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Garcetti says top aide’s private Facebook posts were ‘wrong.’ Now he’s looking to move on

Mayor Eric Garcetti speaks at a lectern
L.A. Mayor Eric Garcetti says chief of staff Ana Guerrero has apologized and that “we’re going to move forward.”
(Al Seib / Los Angeles Times)

Los Angeles Mayor Eric Garcetti defended his chief of staff on Friday, saying that he was disappointed by her posts in a private Facebook group and that she has “learned lessons” from the experience.

Garcetti said he did not know about the posts on the Facebook group, known as Solid Gold, until they were reported in The Times. Although he called those comments “wrong,” Garcetti said he is satisfied with her apology.

“Obviously, they’re wrong and I was disappointed to hear them,” he said. “But I know Ana. She’s an exceptional leader and thoughtful, caring friend and colleague, who I know has learned from those mistakes. She’s apologized, and we’re going to move forward.”

The Times reported this week that Garcetti’s chief of staff, Ana Guerrero, posted sexual innuendo and disparaging remarks about other city officials in a Facebook group populated by Garcetti aides, appointees and others. In one message, she remarked on a shirtless photo of the city’s planning director, who had recently been hired by the mayor.

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Guerrero wrote that she and another staffer had looked “LONG and HARD for someone that might be easy on the eye.” In another post, Guerrero commented on a photo of a shirtless council aide, posing the question: “Is he preggers?”

Guerrero has expressed regret about the posts, telling The Times this week that they were sent to a small group of close friends and were never intended to be seen outside that context.

Garcetti chief of staff Ana Guerrero said she regrets posting certain private Facebook messages, saying they “were never meant to be seen” outside her small group of friends.

Genie Harrison, an attorney who specializes in employment litigation, said the post about the planning director’s looks could be used as evidence of gender discrimination — if there were a female candidate who applied for the job in 2016 and was not hired.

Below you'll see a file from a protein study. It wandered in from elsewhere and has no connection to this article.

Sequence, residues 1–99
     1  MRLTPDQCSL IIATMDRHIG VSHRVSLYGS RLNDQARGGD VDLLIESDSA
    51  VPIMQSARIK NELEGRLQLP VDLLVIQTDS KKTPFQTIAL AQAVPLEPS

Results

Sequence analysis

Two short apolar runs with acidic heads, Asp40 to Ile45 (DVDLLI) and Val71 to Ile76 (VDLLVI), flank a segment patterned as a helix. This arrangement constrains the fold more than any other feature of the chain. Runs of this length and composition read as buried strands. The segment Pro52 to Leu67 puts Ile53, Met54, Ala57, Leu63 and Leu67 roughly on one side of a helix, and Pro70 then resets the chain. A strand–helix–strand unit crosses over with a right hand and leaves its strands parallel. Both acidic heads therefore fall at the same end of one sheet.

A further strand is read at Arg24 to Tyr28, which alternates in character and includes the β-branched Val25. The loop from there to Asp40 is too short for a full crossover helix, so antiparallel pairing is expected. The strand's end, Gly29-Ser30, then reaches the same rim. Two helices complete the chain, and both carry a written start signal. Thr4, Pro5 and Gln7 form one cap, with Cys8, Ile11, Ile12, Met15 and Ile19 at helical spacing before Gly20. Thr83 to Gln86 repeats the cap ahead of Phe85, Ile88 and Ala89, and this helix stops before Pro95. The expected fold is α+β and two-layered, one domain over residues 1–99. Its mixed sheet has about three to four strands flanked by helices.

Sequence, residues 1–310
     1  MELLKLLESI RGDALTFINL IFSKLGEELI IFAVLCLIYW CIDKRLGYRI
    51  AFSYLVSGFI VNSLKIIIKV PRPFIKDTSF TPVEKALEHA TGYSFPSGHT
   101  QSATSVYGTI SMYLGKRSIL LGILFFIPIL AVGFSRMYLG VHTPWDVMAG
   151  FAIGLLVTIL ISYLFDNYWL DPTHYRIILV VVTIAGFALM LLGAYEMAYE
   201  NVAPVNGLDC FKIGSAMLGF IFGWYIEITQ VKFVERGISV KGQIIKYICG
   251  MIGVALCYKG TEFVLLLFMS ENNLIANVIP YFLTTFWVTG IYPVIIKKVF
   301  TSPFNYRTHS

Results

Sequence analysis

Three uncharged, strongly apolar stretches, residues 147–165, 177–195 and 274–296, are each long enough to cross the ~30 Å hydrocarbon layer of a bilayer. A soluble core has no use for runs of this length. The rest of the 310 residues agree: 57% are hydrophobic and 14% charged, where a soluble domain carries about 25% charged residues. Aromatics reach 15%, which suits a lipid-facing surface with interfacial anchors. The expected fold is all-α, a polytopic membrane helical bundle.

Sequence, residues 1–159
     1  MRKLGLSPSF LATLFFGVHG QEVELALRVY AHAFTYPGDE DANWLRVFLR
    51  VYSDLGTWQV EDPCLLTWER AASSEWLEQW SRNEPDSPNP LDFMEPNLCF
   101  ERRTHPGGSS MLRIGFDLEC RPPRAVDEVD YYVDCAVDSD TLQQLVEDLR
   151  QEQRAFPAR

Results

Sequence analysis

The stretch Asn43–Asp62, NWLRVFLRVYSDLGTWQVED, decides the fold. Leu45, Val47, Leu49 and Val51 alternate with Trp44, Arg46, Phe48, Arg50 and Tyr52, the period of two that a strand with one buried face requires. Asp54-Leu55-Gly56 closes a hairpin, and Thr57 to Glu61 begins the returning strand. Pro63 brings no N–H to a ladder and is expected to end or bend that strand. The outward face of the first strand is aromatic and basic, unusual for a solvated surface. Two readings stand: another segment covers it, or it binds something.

The Facebook group’s comments could also become fodder for a lawsuit over a hostile work environment, Harrison said. And they could contribute to a sexual harassment lawsuit if there were other examples in the workplace, she said.

Garcetti, in an interview, repeatedly refused to say whether Guerrero had received discipline over the posts. He also declined to say whether he viewed Guerrero’s message on the planning director as a form of sexual harassment — or whether it could create legal liability for the city.

The mayor has spoken previously on the issue of sexual harassment, saying it has “no place” in any workplace. In 2018, he launched an online portal for city workers to report harassment, saying he wanted to create a “more respectful work environment.”

“City Hall must set the example for L.A.’s entire workforce,” he said in the announcement.

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A lawyer for a police officer who sued the city, alleging he was sexually harassed, called on the city’s lawyers this week to preserve copies of the Facebook group’s posts, emojis and “likes.”

Garcetti, for his part, said Friday that he wasn’t making a legal argument when he described the Facebook messages as “wrong.” He said he tries to “lead with love” and wants others around him to do the same.

“Sometimes you know that something’s wrong when you see it,” he said. “And that was my word to describe it.”


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